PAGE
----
None of them have really, for my uses, caught up to iSilo for one of my black-and-white Palm systems. I mean, they're better, except they aren't small, portable, and able to use arbitrary quantities of completely DRM-free material with free conversion from basically any format.

Or if they have, they haven't yet revealed this. I really do prefer to have reading be a function of a device which I can do other things on, but none of the current of general-purpose gizmos are anywhere near the battery life of the Handera 330 (4+ hours with backlight on = ~20% of a charge at most; without backlight, I never even saw the meter dip).

I've been sorta hoping that after another round or so of gratuitous DRM, they'll come up with one that is a bit better thought through and can display plainish documents in some usable way.

Re:I hate to say it... (4, Informative)

Daniel_Staal (609844) | more than 4 years ago | (#31138642)

Basically everybody but the Kindle is using the ePub format, which is an open format. It supports DRM, but doesn't require it, and there are many sources out there who sell/provide books in it without DRM.

The conversion software available to ePub is a bit primitive at the moment, but it does exist, from practically any format you can care to name.

Re:I hate to say it... (1)

Nyeerrmm (940927) | more than 4 years ago | (#31138654)

I'm pretty sure most of the e-readers do allow you use arbitrary quantities of DRM-free material, and conversion from one format to another isn't a problem since they're all open standards when you strip off the DRM.

I have a Kindle, so its what I'll refer to -- I'm sure other readers have similar capabilities. I can take any file of format txt, mobi, rtf, and copy it to the kindle (it mounts as a flash drive) and they are immediately readable. Conversion of things like .doc are obviously more complex, but Amazon even offers to do this for you, for free if you're willing to load it on the device yourself. The only limit on quantity is memory availability. The main format lacking is ePub, which has emerged as an industry standard after the release of the first Kindle -- however, even then, it should be pretty easy to translate between ePub and Mobi, assuming no DRM.

That DRM is the crux of the issue, but this is not a question of devices but of stores. There are no good *general-purpose* ebook stores. However, if you get books from Project Gutenburg, or from Baen's free releases, or any other source of DRM-free books, the new readers have exactly what you're looking for. Don't believe the FUD thats been spread since the Kindle and other e-ink readers started to come out.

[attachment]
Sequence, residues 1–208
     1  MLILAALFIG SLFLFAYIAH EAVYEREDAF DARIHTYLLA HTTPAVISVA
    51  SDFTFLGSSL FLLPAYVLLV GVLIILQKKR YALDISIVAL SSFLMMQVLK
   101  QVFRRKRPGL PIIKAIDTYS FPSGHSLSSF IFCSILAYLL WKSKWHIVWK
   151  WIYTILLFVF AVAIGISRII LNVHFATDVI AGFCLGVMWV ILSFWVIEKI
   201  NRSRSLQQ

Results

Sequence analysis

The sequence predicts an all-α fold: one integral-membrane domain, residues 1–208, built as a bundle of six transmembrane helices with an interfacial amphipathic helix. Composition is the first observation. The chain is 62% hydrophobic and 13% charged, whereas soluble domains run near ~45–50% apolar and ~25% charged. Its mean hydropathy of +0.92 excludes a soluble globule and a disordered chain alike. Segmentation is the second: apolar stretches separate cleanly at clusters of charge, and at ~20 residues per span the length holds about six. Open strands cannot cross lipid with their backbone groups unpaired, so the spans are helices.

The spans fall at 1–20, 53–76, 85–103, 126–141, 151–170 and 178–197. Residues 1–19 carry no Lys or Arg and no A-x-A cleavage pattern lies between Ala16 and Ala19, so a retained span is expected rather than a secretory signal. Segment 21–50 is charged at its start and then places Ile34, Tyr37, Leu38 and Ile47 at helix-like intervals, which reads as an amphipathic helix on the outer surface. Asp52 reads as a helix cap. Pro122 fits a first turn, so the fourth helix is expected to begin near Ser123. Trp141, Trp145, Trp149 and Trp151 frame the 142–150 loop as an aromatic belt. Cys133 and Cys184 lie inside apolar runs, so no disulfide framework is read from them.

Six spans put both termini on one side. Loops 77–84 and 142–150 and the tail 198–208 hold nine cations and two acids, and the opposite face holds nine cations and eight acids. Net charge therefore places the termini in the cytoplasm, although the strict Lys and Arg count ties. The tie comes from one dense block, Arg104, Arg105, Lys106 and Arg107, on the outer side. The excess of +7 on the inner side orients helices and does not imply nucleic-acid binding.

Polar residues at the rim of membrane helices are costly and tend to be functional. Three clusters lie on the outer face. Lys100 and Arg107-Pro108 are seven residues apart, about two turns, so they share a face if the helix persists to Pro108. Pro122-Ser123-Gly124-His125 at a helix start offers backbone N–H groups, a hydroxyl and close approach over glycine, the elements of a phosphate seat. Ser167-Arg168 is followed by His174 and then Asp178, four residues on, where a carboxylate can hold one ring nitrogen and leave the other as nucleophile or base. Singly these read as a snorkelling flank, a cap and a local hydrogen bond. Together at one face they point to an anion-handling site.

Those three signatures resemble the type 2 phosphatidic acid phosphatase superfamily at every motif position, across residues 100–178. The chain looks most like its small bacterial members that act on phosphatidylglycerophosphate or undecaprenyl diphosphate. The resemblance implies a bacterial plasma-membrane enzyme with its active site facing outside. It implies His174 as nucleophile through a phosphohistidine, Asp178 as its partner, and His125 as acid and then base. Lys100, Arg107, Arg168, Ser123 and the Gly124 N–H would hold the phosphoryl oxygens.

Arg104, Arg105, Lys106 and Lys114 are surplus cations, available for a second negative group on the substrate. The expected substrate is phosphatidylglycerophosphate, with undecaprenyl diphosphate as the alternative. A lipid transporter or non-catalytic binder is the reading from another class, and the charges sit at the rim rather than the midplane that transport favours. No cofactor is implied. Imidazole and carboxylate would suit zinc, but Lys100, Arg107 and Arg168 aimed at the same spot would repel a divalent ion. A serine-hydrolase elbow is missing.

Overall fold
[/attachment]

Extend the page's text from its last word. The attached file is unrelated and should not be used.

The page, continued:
iPad? (1, Interesting)

Chris Lawrence (1733598) | more than 4 years ago | (#31138148)

Well, it's too early to say, of course, but the iPad looks like it might actually have potential. I have never purchased an e-reader before as I have always preferred books, and the quality of ereaders was just never good enough for me. This is the first product I might actually give a chance. Of course, the fact that it's more of a general purpose tool and not *just* for reading ebooks makes it much more useful.

Re:iPad? (5, Informative)

Zoidbot (1194453) | more than 4 years ago | (#31138198)

Hope you enjoyed your eyes.

The number of people that don't yet have a ebook and "don't get" the concept if e-ink is staggering. Clue: e-ink does not melt your eyes like a TFT with a backlight...

Re:iPad? (0)

Anonymous Coward | more than 4 years ago | (#31138262)

Agreed. The iPad has what looks like a slightly larger screen and more options, but in terms of just plain *reading*, an actual e-reader with e-ink is likely best.

Didn't we go over this argument with cameras already? Specialization always beats generalization in terms of real cameras vs. cell phone cameras with 10 megapixels?